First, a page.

We're all stories, in the end.
Two unrelated stories. Two beautiful stories.
My roommates are screaming at me.
“JESS!!!! We are so glad you’re hooommmeee!!!! We have to tell you about the Cooley-Cookey scale!”
I had just walked through the door after a long day and an even more emotionally draining week, and this was what I was happily greeted with.
My roommates are a pile of giggles with their happy smiles. Yes, they’re approximately 30 years old. Yes, they are professional women with real jobs and real responsibility and real lives. Yes, they are capable of acting mature and professional. Sometimes.
But here they are, singing, dancing, and giggling, and every second reconfirming that this is exactly where I am supposed to be.
They continue with their story:
“So on the Cooley-Cookey Scale, you lie somewhere on the spectrum. If you’re Cooley, it means, you’re like, REALLY COOL! Like, It means that we don’t know if we can be friends with that person because they are SO COOL, too cool, and there's no way they would want to be friends with a Cookey.
“And if you’re a COOKEY, that means you're crazy! You know, crazy in a good way! You’re fun and silly and most of all… you’re real. Real and happy and alive and fun.
“At first, we thought you were a COOLEY - you have the coolest job and the coolest friends and you’ve done the coolest things - but now you’re climbing on the fridge and your stories are insane, so we decided you’re a COOKEY! Just like us!! AHHHHH!"
“So I’m in!?! I’m a COOKEY, too!” I exclaimed and questioned. And I joined right in with them in their singing.
If this story doesn’t make much sense to you, that’s perfectly natural; I didn’t really know what it meant to me, either, but the joy in this moment made me pull out my phone, climb on the fridge, and start taking pictures.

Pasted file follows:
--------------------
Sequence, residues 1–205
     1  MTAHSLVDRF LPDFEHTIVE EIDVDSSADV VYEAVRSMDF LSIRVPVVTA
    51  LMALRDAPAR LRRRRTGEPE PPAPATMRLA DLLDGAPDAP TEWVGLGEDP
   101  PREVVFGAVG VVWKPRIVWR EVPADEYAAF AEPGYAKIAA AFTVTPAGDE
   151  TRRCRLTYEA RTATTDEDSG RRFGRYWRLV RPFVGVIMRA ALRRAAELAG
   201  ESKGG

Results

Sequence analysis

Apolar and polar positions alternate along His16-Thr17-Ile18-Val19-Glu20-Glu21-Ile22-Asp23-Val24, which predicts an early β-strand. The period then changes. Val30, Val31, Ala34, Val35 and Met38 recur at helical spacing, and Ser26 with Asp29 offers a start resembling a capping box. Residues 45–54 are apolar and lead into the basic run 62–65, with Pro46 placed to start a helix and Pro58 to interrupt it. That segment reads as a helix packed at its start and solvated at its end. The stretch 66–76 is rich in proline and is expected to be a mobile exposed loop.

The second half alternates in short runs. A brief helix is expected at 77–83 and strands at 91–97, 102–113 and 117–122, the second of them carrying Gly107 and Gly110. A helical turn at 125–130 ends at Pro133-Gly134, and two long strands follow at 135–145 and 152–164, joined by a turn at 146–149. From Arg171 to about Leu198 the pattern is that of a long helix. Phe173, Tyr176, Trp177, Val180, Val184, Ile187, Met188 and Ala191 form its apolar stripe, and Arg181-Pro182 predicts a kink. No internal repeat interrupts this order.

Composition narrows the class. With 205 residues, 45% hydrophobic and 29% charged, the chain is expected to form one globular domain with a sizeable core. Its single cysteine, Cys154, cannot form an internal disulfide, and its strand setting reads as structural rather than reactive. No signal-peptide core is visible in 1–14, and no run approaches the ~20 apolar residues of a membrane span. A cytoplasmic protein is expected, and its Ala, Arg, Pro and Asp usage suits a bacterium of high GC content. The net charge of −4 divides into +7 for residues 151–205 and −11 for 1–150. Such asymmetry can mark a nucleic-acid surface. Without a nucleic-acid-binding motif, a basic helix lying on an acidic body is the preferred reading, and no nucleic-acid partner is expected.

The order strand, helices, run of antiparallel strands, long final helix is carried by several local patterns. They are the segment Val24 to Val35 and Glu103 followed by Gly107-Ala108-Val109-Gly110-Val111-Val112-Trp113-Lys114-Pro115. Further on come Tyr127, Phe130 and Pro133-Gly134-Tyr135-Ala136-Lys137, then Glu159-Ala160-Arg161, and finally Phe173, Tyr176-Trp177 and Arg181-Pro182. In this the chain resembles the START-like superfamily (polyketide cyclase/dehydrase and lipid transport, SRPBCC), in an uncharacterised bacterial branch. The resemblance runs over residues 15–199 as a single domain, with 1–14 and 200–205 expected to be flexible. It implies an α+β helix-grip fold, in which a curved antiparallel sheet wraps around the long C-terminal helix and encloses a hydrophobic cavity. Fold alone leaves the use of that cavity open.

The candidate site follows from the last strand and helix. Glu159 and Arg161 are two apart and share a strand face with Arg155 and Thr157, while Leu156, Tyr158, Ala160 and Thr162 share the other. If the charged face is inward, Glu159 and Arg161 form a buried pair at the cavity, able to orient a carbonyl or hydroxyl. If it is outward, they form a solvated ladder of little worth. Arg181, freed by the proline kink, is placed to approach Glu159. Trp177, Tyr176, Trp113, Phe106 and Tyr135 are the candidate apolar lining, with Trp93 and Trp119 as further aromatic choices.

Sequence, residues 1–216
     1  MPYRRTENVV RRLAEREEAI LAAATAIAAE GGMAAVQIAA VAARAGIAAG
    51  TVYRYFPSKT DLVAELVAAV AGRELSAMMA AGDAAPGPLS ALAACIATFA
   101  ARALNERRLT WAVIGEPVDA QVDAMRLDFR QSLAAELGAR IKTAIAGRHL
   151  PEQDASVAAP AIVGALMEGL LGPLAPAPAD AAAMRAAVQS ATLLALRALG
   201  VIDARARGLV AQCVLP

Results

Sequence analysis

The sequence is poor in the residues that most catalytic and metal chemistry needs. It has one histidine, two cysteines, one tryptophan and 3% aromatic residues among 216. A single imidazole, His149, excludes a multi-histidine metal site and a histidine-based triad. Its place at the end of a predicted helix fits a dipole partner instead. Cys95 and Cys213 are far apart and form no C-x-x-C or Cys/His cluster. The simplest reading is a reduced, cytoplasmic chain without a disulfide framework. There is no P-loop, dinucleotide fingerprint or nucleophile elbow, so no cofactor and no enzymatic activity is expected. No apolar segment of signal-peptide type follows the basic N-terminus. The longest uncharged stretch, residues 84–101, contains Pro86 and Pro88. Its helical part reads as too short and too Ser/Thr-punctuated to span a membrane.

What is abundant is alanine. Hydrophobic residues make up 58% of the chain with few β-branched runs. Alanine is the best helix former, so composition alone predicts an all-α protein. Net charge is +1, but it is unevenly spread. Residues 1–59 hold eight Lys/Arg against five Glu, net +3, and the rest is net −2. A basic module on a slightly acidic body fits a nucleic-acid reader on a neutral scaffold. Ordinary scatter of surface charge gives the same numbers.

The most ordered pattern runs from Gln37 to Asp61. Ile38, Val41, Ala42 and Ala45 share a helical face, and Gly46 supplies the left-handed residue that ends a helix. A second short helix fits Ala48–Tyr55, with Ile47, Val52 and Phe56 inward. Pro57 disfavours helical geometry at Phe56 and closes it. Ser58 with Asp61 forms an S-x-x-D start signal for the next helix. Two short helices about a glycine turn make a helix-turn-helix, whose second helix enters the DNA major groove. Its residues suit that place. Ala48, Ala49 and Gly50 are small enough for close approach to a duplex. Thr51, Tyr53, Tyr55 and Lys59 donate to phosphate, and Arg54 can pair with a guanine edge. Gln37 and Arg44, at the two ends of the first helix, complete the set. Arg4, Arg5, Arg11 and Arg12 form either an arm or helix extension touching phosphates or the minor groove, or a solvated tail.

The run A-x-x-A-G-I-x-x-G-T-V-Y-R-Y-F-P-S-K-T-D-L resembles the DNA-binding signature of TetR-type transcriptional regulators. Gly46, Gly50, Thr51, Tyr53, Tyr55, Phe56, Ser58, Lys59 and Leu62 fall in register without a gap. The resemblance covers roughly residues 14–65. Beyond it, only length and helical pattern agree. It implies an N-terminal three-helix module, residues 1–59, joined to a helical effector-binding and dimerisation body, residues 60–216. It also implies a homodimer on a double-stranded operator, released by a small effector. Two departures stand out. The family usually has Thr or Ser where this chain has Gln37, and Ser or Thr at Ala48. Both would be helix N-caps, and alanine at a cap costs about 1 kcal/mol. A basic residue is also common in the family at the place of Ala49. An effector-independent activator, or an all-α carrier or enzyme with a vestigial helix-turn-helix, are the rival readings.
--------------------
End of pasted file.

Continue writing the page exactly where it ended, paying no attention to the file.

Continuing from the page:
This silly and happy laughter has been my life for days with these gals. I just moved in less than a month ago, and while I’ve been gone traveling for most of that month, every time I am home I feel nothing less than totally and completely accepted. I am so, so, so thankful for them.
Today is an eleven year anniversary. I decided I was not going to say anything to my roommates, because while I decided a long time ago that it’s definitely a part of me, I don’t want it to be all of me.
If someone knows me - my love for life, for community, for adventure, for justice, and for fun - they know the important and defining stuff. And if they think that I’m simultaneously a cooley and a cookey, I think they’ve got me figured out pretty well.
So I’m in my kitchen, climbing on top of the fridge, snapping away pictures, screaming, singing, laughing, and loving this moment, and my roommate randomly says something:
“In memory of my mom.”
I paused the music, shocked; I put down my spaghetti spoon microphone and probed.
“Your mom?” I say. “She’s no longer living?”
"Nope!" She says. "But don’t be sad! I wrote about it on the 11 year anniversary. It’s ultimately a story of hope and redemption… Jess! Don’t cry! It’s okay, really!"
I didn’t cry. I was just so thankful to know that she knows, too, what it means to be human and what it means to lose, and as such, to love all the more and have joy all the more.
This is home, a home of many homes, a home of my friends and not necessarily my family, but it’s home.
Because what is home other than a place where you are free to be you, to love others well, to see others at their best and their worst and love them anyway?
This story was written in about ten minutes, typed on my phone, on top of my fridge, with Taylor Swift blaring and happy roommates singing in the background.
And my roommates, my two sweet roommates that are just as cooley and cooky as my sweet roommate Natalee was 11 years ago before she died, are loving life, and light and the dark in-betweens with me, and we are choosing to love, and to be real and free.
All is well.
And finally, a small excerpt from my current roommate Kelsey’s blog:
“It isn’t until our hearts break that we can fully recognize the brokenness of this world.”
And to that, I add: It isn’t until our hearts break that we can fill them back up with a deep love for life, with all of the humanness and sorrows that come along with it.
To read Kelsey's post about her mom, which I feel I could have also written myself, to reflect on that day 11 years ago, visit Joy is Eternal.
Thank you again, Jess, for sharing your heart!
I love Jessica's stories. She shares more on Instagram, and I highly recommend that you follow along. Prepare to laugh and to cry, sometimes simultaneously! In addition, her photos are incredible, so there's that, too.